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CASE REPORT
Year : 2019  |  Volume : 13  |  Issue : 1  |  Page : 38-41

Hepatic mucormycosis in a renal transplant recipient: A rare presentation


1 Department of Pathology, SVIMS, Tirupati, Andhra Pradesh, India
2 Department of Nephrology, SVIMS, Tirupati, Andhra Pradesh, India

Correspondence Address:
Dr. Aruna Prayaga
Department of Pathology, SVIMS, Tirupati, Chittoor, Andhra Pradesh
India
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Source of Support: None, Conflict of Interest: None


DOI: 10.4103/ijot.ijot_48_18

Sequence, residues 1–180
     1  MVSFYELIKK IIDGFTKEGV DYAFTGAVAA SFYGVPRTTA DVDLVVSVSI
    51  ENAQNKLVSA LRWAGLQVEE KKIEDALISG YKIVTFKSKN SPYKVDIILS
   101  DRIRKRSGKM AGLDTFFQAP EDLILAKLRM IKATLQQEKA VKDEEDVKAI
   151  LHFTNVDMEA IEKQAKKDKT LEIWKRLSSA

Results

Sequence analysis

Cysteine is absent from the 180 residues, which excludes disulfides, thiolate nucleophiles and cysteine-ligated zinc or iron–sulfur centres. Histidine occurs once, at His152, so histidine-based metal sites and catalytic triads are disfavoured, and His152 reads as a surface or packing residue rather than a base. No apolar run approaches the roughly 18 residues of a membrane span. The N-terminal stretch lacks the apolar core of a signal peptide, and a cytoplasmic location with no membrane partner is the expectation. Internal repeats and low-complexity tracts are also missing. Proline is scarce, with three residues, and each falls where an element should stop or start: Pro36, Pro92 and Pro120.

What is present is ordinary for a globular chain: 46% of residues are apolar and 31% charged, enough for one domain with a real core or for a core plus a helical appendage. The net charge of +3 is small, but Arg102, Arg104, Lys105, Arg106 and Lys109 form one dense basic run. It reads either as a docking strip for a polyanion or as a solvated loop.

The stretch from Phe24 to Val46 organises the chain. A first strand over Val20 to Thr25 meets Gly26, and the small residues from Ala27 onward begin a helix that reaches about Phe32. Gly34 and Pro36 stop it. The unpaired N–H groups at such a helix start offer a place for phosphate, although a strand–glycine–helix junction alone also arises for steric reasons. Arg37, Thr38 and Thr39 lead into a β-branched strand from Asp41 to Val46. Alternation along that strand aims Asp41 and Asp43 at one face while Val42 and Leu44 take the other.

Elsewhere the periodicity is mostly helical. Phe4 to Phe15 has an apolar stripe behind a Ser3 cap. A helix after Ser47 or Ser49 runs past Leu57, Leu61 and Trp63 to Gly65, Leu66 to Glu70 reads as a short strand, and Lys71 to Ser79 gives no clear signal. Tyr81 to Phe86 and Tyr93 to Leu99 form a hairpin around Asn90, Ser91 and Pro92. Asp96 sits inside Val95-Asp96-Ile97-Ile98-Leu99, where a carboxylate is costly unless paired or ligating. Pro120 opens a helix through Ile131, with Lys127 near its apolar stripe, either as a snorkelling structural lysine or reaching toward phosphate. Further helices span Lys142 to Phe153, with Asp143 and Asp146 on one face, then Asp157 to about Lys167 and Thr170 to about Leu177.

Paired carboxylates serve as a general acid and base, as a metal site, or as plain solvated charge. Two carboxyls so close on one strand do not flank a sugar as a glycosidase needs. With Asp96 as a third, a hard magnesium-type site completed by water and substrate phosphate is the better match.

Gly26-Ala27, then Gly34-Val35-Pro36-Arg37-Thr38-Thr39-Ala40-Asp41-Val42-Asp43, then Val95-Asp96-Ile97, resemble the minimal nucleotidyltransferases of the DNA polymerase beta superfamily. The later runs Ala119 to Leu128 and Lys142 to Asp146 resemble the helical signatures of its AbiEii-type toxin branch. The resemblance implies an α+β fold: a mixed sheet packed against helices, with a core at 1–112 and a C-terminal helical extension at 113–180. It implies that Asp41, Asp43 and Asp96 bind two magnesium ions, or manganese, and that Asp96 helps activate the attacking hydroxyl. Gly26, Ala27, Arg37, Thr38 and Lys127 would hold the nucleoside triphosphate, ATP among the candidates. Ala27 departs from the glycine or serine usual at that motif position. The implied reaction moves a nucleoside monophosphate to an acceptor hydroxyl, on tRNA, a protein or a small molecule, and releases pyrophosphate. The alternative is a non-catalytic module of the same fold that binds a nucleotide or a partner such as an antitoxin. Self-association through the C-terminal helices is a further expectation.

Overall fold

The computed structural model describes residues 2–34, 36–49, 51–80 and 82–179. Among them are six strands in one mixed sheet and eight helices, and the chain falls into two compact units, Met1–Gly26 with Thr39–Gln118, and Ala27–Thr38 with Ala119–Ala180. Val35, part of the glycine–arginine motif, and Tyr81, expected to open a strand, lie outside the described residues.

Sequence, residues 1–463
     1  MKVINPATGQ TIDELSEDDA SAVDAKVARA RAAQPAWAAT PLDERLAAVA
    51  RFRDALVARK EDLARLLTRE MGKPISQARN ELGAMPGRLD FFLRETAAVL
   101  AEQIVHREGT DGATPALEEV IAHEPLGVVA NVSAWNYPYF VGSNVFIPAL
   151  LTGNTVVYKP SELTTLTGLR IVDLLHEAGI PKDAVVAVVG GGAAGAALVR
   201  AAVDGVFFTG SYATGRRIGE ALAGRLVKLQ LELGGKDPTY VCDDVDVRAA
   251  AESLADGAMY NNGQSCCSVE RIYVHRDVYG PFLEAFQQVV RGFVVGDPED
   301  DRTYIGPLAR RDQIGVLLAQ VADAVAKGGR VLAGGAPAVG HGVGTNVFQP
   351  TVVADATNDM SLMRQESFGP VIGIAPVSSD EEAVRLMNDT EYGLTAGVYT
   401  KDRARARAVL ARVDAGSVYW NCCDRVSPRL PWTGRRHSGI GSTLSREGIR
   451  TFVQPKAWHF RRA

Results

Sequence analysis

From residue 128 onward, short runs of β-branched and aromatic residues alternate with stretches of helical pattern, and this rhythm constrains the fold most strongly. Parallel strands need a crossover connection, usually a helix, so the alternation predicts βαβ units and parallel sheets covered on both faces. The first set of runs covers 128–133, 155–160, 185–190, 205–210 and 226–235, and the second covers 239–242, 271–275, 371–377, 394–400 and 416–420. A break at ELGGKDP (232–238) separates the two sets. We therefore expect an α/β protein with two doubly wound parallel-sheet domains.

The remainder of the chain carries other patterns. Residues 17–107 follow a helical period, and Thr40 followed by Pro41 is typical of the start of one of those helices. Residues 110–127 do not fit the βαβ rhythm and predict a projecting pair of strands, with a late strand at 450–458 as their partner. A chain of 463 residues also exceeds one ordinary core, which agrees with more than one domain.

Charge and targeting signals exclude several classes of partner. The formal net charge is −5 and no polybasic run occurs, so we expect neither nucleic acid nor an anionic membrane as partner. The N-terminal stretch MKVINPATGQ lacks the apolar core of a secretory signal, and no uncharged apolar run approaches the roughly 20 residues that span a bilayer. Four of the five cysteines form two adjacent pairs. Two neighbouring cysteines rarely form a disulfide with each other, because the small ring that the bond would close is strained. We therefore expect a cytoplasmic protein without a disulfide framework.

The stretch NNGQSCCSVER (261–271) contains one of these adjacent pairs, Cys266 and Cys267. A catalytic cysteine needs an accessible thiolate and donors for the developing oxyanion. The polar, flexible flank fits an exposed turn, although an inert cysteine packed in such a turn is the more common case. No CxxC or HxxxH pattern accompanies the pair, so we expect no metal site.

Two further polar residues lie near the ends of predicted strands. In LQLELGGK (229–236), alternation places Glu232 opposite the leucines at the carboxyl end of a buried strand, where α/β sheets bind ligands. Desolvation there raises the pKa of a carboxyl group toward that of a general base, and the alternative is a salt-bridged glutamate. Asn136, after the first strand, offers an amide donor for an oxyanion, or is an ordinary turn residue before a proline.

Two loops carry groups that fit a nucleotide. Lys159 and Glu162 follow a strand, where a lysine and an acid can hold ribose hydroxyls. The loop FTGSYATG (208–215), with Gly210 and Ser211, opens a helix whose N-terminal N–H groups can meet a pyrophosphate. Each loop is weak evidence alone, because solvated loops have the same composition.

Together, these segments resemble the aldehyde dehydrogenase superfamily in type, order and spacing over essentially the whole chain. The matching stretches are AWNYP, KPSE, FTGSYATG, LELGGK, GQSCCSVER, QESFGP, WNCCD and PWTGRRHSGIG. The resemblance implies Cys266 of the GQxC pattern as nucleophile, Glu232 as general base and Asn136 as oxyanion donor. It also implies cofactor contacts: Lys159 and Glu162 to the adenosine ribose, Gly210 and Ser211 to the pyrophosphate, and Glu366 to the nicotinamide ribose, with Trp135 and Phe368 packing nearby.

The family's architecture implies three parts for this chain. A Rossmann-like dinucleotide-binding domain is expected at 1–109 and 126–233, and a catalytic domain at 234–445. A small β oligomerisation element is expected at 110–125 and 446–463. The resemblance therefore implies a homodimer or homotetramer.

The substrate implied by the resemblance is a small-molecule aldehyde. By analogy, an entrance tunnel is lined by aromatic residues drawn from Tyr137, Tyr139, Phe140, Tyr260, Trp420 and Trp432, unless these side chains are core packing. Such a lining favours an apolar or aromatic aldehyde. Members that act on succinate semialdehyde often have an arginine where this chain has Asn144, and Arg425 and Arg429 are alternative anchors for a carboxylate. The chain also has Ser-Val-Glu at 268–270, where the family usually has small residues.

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Fungal infections account for 5% of all infections in renal transplant recipients. Mucormycosis has emerged as an important invasive fungal infection in transplant recipients associated with aggressive clinical course and substantial rates of death. A 28-year-old male with chronic kidney disease underwent renal transplantation from a deceased brain-dead donor. Implantation kidney biopsy showed features of acute tubular necrosis. On follow-up, the patient had progressive renal failure. The patient expired 3 months after transplantation due to sepsis with refractory shock. Postmortem needle biopsy done on the liver showed areas of necrosis with broad, aseptate filamentous fungal hyphae stained positive with Gomori methenamine silver stain favoring mucormycosis. Mucormycosis is a fatal mycosis in transplant recipient due to its angiophilic and thrombosis/hemorrhage-oriented characteristics. The overall mortality rate among solid-organ transplant recipients with mucormycosis is 38%–48%. Early detection and appropriate timely management of fungal infections play a decisive role in improving the survival and reducing the mortality.


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